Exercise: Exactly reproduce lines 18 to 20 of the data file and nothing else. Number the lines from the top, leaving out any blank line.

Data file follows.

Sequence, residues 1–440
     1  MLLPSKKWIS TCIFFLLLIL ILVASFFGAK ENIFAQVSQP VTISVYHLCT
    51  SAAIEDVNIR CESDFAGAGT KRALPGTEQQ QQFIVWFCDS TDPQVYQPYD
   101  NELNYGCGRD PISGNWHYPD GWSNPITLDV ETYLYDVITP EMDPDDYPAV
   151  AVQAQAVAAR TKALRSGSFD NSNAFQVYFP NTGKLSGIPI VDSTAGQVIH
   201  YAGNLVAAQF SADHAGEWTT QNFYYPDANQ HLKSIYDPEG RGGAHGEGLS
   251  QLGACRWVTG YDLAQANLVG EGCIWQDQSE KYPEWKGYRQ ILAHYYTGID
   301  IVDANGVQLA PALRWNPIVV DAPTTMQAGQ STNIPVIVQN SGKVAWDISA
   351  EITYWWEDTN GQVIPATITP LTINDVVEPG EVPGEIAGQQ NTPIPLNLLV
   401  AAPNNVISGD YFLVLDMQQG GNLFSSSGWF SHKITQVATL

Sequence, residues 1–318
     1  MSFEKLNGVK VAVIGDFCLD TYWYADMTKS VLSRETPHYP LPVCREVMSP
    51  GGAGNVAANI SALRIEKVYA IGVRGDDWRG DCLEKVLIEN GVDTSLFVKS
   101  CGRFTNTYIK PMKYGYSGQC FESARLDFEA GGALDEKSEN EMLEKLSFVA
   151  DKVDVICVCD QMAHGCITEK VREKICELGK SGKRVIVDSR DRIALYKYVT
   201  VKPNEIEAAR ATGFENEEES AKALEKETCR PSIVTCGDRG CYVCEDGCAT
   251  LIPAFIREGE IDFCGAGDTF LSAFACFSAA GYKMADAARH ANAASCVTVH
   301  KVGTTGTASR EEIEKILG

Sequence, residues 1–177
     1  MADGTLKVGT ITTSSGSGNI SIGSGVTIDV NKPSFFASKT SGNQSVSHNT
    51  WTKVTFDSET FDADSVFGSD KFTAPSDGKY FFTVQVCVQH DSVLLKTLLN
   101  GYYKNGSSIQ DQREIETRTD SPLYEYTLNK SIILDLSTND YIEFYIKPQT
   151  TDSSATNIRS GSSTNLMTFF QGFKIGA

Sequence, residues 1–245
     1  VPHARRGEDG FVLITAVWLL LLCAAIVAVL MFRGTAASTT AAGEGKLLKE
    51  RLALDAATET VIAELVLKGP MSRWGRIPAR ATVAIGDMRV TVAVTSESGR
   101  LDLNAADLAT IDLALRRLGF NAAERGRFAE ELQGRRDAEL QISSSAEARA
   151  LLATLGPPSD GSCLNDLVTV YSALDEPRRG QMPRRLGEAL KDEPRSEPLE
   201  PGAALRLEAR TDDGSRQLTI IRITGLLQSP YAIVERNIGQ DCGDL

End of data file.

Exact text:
   301  KVGTTGTASR EEIEKILG

Sequence, residues 1–177
     1  MADGTLKVGT ITTSSGSGNI SIGSGVTIDV NKPSFFASKT SGNQSVSHNT